(Incontinence, Urinary; Incontinence, Stress; Incontinence, Urge; Incontinence, Overflow; Incontinence, Functional; Stress Incontinence; Urge Incontinence; Overflow Incontinence; Functional Incontinence; Overactive Bladder)
Urinary incontinence is the loss of voluntary bladder control leading to urine leakage. It can be temporary or chronic (lasts for a long time). Incontinence is a symptom, not a condition in and of itself.
Temporary incontinence can be caused by:
- Muscle weakness
- Restricted mobility
- Endocrinological disorders (for example, ]]>diabetes]]> )
More permanent urinary incontinence may be one of four types. Some people have a mixture of these types. In some cases, incontinence may have several different causes. The cause may also be unclear.
This results when certain activities lead to increased pressure on the bladder. Triggers may be laughing, sneezing, lifting heavy objects , or exercise. This is the most common type of incontinence. It may be caused by:
- Weakening of the muscles that suspend the bladder
- Weakening of muscles that control urine flow
Muscles Involved in Incontinence in Women
Urge incontinence is a loss of bladder control following a strong urge to urinate. The person is not able to hold urine long enough to make it to a restroom. This is also known as overactive bladder. It may be caused or worsened by:
This occurs when the bladder will not empty. Urine builds up, and this causes an overflow and leaking of urine. It may be caused by:
- A bladder that is blocked, such as by a scar in the urethra (stricture)
- Fecal impaction
- Drugs (eg, antidepressants, hypnotics, antipsychotics, antihistamines, calcium channel blockers)
- ]]>Vitamin B12 deficiency]]>
- Weak bladder muscles
Nerve damage due to:
- Spinal cord injuries
- Other factors
This occurs when there is normal bladder control, but an inability to reach the toilet in time. An example would be severe ]]>arthritis]]> . Drugs that cause confusion or sedation can also cause functional incontinence.
These risk factors increase your chance of developing urinary incontinence. Tell your doctor if you have any of these risk factors:
- Age: older than 65
- Having been pregnant multiple times
- Urinary tract infection]]>
- Chronic lung disease
- Previous ]]>hysterectomy]]> or urethral surgery
- ]]>Pelvic organ prolapse]]>
- Dementia including ]]>Alzheimer’s disease]]>
- ]]>Multiple sclerosis]]>
- Spinal cord injury or disease
Use of certain substances/medicines:
- Cholinergic agents
Urinary incontinence is a symptom of other conditions. Any loss of bladder control can be considered incontinence.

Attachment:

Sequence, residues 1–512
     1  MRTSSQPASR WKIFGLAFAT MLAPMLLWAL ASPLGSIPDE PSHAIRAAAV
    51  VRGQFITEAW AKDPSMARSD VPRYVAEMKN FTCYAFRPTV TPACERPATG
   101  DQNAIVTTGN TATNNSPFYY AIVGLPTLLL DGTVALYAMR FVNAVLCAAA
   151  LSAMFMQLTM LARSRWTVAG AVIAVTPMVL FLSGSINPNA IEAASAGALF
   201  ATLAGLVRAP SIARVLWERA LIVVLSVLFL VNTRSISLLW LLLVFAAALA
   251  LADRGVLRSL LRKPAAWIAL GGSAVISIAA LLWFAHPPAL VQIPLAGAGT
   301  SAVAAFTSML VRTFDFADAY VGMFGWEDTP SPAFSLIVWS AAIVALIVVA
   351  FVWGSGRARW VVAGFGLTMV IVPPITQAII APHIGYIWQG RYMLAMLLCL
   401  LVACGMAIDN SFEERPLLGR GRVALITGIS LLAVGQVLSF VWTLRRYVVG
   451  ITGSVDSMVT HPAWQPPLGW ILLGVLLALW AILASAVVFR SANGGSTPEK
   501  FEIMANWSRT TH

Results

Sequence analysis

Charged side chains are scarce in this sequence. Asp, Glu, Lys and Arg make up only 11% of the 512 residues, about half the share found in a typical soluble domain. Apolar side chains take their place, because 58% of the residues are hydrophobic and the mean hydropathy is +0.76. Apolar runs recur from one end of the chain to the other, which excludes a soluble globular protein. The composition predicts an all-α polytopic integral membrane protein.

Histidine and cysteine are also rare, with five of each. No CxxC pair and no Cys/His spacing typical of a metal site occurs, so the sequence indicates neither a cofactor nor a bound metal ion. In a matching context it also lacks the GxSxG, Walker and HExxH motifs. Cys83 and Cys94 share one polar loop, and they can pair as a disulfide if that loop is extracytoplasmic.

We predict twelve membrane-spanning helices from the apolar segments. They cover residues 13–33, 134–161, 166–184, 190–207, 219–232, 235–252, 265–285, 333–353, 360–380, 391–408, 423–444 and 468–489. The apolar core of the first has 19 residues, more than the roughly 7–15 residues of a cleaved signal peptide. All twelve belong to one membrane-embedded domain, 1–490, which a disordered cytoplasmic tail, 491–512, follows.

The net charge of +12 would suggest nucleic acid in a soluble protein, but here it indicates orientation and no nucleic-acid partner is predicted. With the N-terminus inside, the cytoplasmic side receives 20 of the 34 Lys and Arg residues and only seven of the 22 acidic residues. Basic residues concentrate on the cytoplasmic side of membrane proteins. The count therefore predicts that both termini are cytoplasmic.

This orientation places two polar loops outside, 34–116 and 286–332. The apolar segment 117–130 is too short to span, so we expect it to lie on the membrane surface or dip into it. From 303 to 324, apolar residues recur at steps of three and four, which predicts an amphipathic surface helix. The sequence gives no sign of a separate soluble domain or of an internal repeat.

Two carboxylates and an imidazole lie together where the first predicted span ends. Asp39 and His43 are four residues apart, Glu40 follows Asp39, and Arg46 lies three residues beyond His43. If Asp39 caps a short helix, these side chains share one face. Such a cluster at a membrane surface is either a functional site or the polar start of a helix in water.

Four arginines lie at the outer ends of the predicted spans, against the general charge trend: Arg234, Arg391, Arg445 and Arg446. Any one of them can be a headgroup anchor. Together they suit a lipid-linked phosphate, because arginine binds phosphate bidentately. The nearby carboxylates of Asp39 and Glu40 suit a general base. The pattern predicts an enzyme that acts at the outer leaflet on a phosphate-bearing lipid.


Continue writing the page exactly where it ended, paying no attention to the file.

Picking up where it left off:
The doctor will ask about your symptoms and medical history. You will be asked how often you empty your bladder and patterns of urine leakage. Your doctor will perform a physical exam to look for any physical causes, such as blockages or nerve problems. You will keep a diary of your bladder habits. You may be referred to a urologist or a urogynecologist.
Tests may include:
- Stress test—You relax then cough as your doctor watches for loss of urine. This will confirm if you have stress incontinence.
- Urine tests
- Blood tests to detect diabetes
- Ultrasound]]> —a test that uses sound waves to examine structures inside the body to determine the residual urine volume after voiding
- Cystoscopy—a thin tube with a tiny camera is inserted in the urethra to view the urethra and bladder
- Urodynamic tests—tests used to measure the flow of urine and pressure in the bladder
Treatments may include:
Behavioral therapy includes:
Making muscles stronger by doing
- This strengthens the muscles that hold the bladder in place and those that control urine flow.
- Painless electrical stimulation is sometimes used to strengthen the muscles more quickly and is helpful for stress incontinence.
- This can be done by setting a regular, timed schedule for emptying your bladder and by drinking fewer liquids.
If you are a woman who is overweight or obese, losing weight may help to reduce the number of episodes due to stress or urge incontinence. Talk to your doctor about a ]]>weight loss program]]> that is right for you.
Medicines may be prescribed to relax the bladder muscles. These types of medicines, called anticholinergics, are often used in treating urge incontinence. Examples include: